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J Chestnut: My second drawing has the slab completely inside the ICF, as you apparently did. That leaves 2 1/4" of foam to deal with when it comes time for flooring; not sure if that is good or bad. Maybe one could afix a 2x2, buried in foam, at the top of the ICF, just for attaching flooring. Just thinking out loud here about a rug. ??? Yes, the foam under the footer extends outward past the footer to move the isotherm out. Perhaps it is not necessary, or perhaps it should be jointed there, for drainage. I will check w/ a couple folks here. My soil is very dry, and cold. I am not sure how much folks worry about liquid water that far down, but I will inquire. We only have 2 brands of ICFs here, neither of which is Logix. I'll likely use ARXX. Thanks for the shrinkage info. As I understand it, wood posts shrink 1/1,000 of their length, mostly within the first year, but I was not sure what KD wood does across the 3 1/2". I guess I'll scrap the fiddling w/ the trimming plates idea. Thanks for the thoughts. john

Answered by John Klingel
Posted Sat, 02/05/2011 - 00:47
Edited Sat, 02/05/2011 - 00:49.

17.
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John, yes, sorry that was a typo. $600/yd is what I meant to type. This includes site prep, compaction, formwork, steel, concrete and clean-up. I was told this is what to expect - locally - for the type of foundation I'm building. I have several estimates coming to me so we shall see...

Answered by Lucas Durand - 7A
Posted Sat, 02/05/2011 - 01:00

18.
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Lucas: Oh. With all that included, $600 does not sound quite so bad. Good luck w/ your plan. I think it will work fine, and it seems brighter minds than me think so, too. j

Answered by John Klingel
Posted Sat, 02/05/2011 - 01:11

19.
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John, I've read and heard that EPS suffers "shrinkage" over time - I've read/heard numbers from 1/2" to 10%. 10% sounds awful high to me. Have you given any thought about how that might affect your foundation design?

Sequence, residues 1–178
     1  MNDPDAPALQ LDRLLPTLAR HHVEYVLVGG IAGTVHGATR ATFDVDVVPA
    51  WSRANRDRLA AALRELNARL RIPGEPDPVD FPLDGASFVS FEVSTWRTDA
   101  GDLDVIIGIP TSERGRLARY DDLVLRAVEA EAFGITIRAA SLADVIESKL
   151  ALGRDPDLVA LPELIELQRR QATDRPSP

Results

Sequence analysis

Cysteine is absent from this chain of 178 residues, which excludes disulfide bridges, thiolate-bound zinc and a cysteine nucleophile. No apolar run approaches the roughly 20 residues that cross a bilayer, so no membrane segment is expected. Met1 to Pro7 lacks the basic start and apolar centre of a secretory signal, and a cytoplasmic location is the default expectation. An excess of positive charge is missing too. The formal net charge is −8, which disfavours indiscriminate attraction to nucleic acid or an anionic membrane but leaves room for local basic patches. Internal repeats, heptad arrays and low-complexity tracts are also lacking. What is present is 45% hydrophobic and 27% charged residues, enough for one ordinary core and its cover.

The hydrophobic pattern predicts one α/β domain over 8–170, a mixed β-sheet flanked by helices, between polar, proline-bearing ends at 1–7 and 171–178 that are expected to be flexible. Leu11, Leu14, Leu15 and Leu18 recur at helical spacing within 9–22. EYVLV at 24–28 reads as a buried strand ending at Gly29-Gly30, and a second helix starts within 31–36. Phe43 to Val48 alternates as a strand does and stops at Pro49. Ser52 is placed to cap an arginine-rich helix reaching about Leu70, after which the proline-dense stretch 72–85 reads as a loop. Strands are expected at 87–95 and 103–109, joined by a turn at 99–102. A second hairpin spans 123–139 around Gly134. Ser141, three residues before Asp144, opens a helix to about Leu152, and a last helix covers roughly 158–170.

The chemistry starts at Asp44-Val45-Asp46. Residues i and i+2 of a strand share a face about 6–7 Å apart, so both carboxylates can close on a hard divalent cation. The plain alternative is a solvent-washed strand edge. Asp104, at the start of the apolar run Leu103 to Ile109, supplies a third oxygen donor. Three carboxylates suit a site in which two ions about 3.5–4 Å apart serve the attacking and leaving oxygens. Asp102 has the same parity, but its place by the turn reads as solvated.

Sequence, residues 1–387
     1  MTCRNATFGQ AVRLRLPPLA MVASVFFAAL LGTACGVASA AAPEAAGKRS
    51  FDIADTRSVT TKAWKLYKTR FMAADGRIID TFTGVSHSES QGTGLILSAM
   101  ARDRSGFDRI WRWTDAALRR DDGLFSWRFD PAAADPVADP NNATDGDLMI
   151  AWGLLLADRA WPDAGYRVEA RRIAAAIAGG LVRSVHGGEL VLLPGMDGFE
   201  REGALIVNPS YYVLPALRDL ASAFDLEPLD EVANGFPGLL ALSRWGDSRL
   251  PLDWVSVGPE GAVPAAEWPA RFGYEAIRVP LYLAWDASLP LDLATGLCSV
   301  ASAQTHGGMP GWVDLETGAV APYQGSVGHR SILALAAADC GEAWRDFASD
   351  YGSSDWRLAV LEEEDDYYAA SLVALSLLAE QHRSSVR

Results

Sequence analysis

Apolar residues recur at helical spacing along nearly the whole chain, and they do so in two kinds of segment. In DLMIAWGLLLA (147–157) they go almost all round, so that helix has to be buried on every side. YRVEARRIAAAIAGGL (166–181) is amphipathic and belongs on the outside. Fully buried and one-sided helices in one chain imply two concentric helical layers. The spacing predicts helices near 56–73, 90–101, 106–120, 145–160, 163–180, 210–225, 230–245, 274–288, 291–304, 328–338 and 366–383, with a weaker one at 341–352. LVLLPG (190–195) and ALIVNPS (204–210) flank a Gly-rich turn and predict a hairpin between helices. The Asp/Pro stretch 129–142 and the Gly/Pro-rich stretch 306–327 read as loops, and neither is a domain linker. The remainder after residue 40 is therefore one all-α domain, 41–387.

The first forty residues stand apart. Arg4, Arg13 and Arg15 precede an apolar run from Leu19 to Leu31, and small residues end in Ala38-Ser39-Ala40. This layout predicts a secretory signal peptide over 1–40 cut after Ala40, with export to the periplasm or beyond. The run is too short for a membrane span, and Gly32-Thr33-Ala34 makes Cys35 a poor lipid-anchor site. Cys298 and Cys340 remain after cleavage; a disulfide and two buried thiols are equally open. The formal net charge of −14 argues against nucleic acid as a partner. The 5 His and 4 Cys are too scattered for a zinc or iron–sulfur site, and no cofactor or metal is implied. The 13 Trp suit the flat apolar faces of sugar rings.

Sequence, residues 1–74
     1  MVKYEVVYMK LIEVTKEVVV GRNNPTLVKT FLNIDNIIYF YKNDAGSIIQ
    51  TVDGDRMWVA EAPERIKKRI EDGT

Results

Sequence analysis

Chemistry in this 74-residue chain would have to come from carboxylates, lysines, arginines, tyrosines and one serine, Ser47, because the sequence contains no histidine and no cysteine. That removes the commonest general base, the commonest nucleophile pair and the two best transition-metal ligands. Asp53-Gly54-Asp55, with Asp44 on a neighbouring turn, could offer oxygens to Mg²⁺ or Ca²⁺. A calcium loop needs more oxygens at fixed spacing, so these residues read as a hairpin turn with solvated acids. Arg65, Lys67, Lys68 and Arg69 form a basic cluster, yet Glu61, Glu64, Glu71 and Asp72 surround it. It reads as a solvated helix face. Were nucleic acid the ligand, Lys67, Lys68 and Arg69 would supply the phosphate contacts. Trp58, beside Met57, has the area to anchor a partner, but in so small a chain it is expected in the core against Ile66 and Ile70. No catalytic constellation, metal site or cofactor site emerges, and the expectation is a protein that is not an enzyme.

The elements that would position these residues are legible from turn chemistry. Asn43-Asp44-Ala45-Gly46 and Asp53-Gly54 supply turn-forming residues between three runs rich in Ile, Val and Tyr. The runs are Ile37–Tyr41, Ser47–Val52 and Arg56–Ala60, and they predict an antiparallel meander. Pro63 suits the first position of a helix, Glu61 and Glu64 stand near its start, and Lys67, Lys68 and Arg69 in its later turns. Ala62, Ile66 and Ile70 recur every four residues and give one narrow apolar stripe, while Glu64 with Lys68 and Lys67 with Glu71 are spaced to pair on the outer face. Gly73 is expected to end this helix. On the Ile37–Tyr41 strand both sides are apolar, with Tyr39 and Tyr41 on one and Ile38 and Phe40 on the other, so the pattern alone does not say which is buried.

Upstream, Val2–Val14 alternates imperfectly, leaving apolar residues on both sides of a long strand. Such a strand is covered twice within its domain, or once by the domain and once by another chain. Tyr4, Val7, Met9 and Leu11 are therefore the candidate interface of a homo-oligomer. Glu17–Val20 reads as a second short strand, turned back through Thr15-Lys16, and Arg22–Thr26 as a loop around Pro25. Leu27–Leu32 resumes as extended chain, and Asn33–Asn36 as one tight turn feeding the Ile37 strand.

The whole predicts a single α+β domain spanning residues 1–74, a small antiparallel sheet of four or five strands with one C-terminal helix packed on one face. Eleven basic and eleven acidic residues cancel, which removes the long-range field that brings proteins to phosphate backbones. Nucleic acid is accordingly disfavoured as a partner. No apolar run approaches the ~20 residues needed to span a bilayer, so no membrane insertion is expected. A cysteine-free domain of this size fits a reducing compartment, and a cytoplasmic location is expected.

Personally I was planning on doing two staggered 2" layers instead of one 4" layer.

J, do you have any experience or comments on EPS "shrinkage"?

Answered by Lucas Durand - 7A
Posted Sat, 02/05/2011 - 01:12
Edited Sat, 02/05/2011 - 01:14.

20.
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Lucas: First, shortening the wall to 24" reduces foam waste tremendously, which had been bothering me. Even going back to 4" (x 2' wide x 40 psi) under the footer, then an adjacent 4" x 2' wide x 25 psi piece (joint for drainage, plus I can shift to 25 psi) under the outer wall, this reduced the foam cost from $26K to $19K, and no scraps. That is a short wall, but at 32" overall I can deal w/ it. As for shrinkage, that is a lingering nightmare, which Is why I designed in 40 psi under the footer instead of 25 psi. The lit says the psi rating is for 1 per cent deflection (not deformation, as I recall), but I have not seen any data on "25 yrs after installation at 25 psi, 25 psi foam shrank xx inches". Thus, this is all on a wing and a prayer at this point. Too, a bit of settling would be OK, if uniform. Oh, sigh.... BTW: Dow Chem was kind enough to send me some samples of their 40, 60, and 100 psi XPS, and I must say the 100 psi appealed to my instincts. "Blue board" is very common up here, so it better not fail. The water absorption data from the EPS industry showed slightly better numbers for their EPS, but I did not dig to see how wet the soil was in their 15 yr study. Dry soil wouldn't be a problem for either one, as far as I can see. I will have to price that 100 psi XPS. If you get any reputable settling data, pls post it here. Thanks. j

Answered by John Klingel
Posted Sat, 02/05/2011 - 03:17

21.
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My second drawing has the slab completely inside the ICF, as you apparently did. That leaves 2 1/4" of foam to deal with when it comes time for flooring; not sure if that is good or bad. Maybe one could afix a 2x2, buried in foam, at the top of the ICF, just for attaching flooring.

Sorry I missed the second drawing. I take it the concrete slab will be your finished flooring. If you went back to the 2x6 for the inner stud wall you might have enough bearing on the concrete to cover enough of the inner insulation of the ICF that your baseboard trim would sufficiently cover the rest. I suspect that 2 1/4" separation vs. 1" would be worth the reduction in thermal bridging. (Again you'd have to run it through a program like THERM to quantify it. Wouldn't it be great if GBA had someone on staff to run THERM simulations of our details! )